3. #3 camello
    August 22, 2008

    silly question: what does the average speed of a molecule have to do with the speed of propagation of sound waves? they seem completely independent to me.

  4. #4 CCPhysicist
    August 23, 2008

    Very disappointing. Given a chance to do a nice back of the envelope calculation on the importance of the speed of sound in sprinting events, you dropped the baton as badly as that alleged “team” of US sprinters. (Had they ever run together before at full speed?)

    The speed of sound is a big deal in track! How long would it take sound to get from the gun to the guy in an outer lane for the 200 or 400 m, not to mention the 4×400, if they didn’t use speakers to level the playing field across the staggered start? (Did I mix that metaphor enough?) Too long.

    There is a similar issue from the geometry side when it comes to being DQ’d for running on the line. Some commentary I heard implied it was a technicality, as if it were only about interfering with the other runner — but 0.01 s at 10 m/s is only 10 cm. Make the track 20 cm shorter by running a smaller radius, and that 0.02 s can move you up a couple places.

  5. #5 Matt Springer
    August 23, 2008

    For #3, generally a disturbance can’t propagate faster than the things being disturbed. If you have three molecules 1 2 and 3, number 1 is deflected by the incoming wave and goes to hit 2, which then travels in turn to hit 3. Each molecule has to cover the distance between it and the next molecule, which can only happen at the speed the molecules are traveling. So since sound is the disturbance going from one molecule to the next, sound will be going pretty much at the speed of the molecular motion. There are complicating factors, but the two speeds are pretty close.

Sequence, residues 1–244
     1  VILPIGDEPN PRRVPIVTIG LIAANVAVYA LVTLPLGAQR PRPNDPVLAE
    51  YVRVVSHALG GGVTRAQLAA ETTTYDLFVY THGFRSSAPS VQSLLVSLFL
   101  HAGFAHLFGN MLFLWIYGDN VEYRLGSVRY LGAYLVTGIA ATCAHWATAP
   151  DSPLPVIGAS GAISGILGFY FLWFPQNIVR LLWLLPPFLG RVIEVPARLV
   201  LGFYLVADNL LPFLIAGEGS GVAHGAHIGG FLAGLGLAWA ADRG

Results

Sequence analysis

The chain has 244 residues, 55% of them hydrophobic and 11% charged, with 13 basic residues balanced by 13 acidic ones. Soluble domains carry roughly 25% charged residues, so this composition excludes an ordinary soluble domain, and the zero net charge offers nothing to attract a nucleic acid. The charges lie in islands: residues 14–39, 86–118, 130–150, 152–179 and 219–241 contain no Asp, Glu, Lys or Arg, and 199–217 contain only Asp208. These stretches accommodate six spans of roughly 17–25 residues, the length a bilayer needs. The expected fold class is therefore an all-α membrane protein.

#2, the equipartition theorem guarantees that the internal degrees of freedom do have just as much energy as each of the three translational degrees of freedom. I think you were discussing along those lines, but I want to make sure that gets across to the readers.

    Good points, CC, but I can’t cover everything. Gotta leave something for the other blogs. 😉

  6. #6 Robert E. Harris
    August 25, 2008

    Internal degrees of freedom obey equipartition in classical kinetic theory. N2 is of course a QM vibrator, so the separation of the vibrational levels in comparison with kT is important. At 25C the value of kT is about 200 cm-1, vibrational frequency for N2 is about 2300 or 2400 cm-1, so population of first vibrational excited state is very small, about 0.001 % of population of ground vibrational state; second is about zero, and vibration contributes just about nothing to heat capacity at room T. Rotational levels are close enough spaced that N2 has the full kT of energy for the two rotational modes. Hence the adiabatic exponent of 7/5.

    Sorry about the spectroscopists’ cm-1 here, just ones I can remember. Multiply cm-1 by hc with c in cm/s to get regular units. (I don’t off hand know a conversion to eV.)

    Point about molecules needing to collide to carry sound in gas is a good one. Doesn’t work in condensed phases. But as my old boss (George Jura) used to say, “The gas phase is very complicated. Only the liquid and solid phases are more complicated.” Or words to that effect.

    I’m enjoying your posts.

    You can learn a lot from bad teachers if you figure out how to present the material yourself, which you ought to do to get the most out of any class.